Please email your MP re: anonymity for suspects in rape cases
We have drafted an email that you can send to your MP about the recent recommendation of the Home Affairs Select Committee to extend anonymity to suspects in cases of rape and other forms of sexual violence.
You can find the email address of your MP here.
Please send a copy to the following as well:
Keith Vaz: [email protected]
You could also email a copy to:
Theresa May: [email protected]
Harriet Harman: [email protected]
Yvette Cooper: [email protected]
I am writing to you to express my concern about the Home Affairs Select Committee's recent recommendation to extend anonymity to suspects in cases of rape and sexual assault until charged or police 'need' to name them.
Each year in England and Wales 85 000 women and 12 000 men are raped. We know that only 10 -15 % of victims report to the police due to “shame, prejudicial media reporting and mistrust in the criminal justice process”. We also know that rape trials have the lowest conviction rate of any crime because of systemic and institutional disbelief of victims. Our adversarial legal system is predicated on the belief that women and children routinely lie about sexual violence – despite false reports of rape being no higher than any other crime; despite the fact that many ‘false reports’ are due to misogyny within the police who routinely ‘no-crime’ rape without investigating.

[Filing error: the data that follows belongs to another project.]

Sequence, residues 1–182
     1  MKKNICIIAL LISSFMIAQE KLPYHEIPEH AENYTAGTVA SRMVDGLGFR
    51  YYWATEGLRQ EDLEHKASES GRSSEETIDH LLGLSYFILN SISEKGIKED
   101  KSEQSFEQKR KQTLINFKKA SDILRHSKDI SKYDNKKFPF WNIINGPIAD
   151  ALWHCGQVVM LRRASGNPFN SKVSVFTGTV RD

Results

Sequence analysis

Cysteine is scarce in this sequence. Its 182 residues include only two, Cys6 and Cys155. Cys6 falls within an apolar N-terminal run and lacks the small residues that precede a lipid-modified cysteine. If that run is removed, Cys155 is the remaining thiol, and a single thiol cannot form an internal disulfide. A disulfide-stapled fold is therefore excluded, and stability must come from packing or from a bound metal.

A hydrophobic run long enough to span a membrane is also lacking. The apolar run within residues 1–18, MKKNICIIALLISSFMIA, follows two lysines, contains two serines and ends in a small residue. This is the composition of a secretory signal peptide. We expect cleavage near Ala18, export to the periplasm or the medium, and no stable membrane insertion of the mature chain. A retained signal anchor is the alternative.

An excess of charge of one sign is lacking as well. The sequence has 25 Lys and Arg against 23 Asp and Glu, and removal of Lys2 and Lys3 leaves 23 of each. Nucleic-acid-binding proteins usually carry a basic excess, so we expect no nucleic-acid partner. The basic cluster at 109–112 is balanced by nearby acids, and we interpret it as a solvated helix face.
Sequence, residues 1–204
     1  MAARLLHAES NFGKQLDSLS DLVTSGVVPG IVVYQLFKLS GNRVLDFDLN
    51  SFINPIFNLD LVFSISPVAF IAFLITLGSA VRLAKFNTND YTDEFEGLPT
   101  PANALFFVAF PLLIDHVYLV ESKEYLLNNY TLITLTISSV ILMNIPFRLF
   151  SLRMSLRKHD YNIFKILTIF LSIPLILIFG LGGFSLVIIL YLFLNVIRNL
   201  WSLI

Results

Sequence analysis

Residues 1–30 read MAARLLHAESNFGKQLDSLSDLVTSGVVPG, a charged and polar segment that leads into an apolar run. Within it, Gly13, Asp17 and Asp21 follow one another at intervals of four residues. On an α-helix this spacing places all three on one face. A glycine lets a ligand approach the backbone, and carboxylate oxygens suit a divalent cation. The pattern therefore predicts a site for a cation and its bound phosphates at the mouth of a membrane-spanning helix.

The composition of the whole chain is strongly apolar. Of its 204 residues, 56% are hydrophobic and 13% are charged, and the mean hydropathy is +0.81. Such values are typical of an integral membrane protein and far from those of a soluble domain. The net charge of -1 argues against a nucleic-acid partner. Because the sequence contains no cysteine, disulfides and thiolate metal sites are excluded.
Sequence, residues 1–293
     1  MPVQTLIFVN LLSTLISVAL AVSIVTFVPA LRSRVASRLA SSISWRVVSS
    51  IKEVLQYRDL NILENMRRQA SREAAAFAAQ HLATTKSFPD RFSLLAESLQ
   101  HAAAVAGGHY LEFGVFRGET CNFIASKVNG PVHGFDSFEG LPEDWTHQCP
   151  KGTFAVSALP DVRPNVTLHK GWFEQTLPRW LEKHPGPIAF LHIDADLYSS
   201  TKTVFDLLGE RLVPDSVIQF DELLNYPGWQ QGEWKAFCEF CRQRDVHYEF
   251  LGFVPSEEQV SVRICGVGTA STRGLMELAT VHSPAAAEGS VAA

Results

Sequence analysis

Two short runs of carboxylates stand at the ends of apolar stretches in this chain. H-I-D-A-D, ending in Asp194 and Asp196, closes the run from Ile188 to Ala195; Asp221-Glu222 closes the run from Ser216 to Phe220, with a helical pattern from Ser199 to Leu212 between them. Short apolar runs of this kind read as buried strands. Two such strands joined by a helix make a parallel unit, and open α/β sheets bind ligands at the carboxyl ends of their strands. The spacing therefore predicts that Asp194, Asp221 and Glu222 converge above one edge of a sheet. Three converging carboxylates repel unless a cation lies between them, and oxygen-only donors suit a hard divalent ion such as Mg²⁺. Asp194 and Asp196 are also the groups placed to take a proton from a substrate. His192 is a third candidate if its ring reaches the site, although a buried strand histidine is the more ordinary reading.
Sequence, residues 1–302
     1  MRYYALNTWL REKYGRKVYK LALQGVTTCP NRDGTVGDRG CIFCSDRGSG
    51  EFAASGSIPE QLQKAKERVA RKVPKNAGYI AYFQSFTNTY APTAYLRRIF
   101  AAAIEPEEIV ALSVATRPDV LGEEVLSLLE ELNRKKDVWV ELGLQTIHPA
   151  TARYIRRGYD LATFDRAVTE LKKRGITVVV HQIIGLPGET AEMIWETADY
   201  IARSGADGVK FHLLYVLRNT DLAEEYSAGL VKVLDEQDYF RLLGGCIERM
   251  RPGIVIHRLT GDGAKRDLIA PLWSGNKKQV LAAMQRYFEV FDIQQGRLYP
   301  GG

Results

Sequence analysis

As the End Violence Against Women (EVAW) umbrella organisation made clear in their public statement, rape has an extremely high recidivism rate. This recommendation fails to address "the specific justice issues around sexual offences before making this serious recommendation on anonymity. These include very low reporting to the police rates, vulnerable witnesses, and the fact that rape is a known repeat offence."
Sexual violence is the only crime where sympathy is with the perpetrator rather than the victim. It is the only crime where decisions and recommendations about the criminal justice response is based entirely on fallacious assumptions, myths and victim blaming.
I would like the Home Affairs Select Committee to review their recommendation using evidence-based research on anonymity for perpetrators and not assumptions about ‘perpetrators feelings’. I would ask that you not support any attempt to change the law around anonymity for suspects in cases of rape or sexual assault.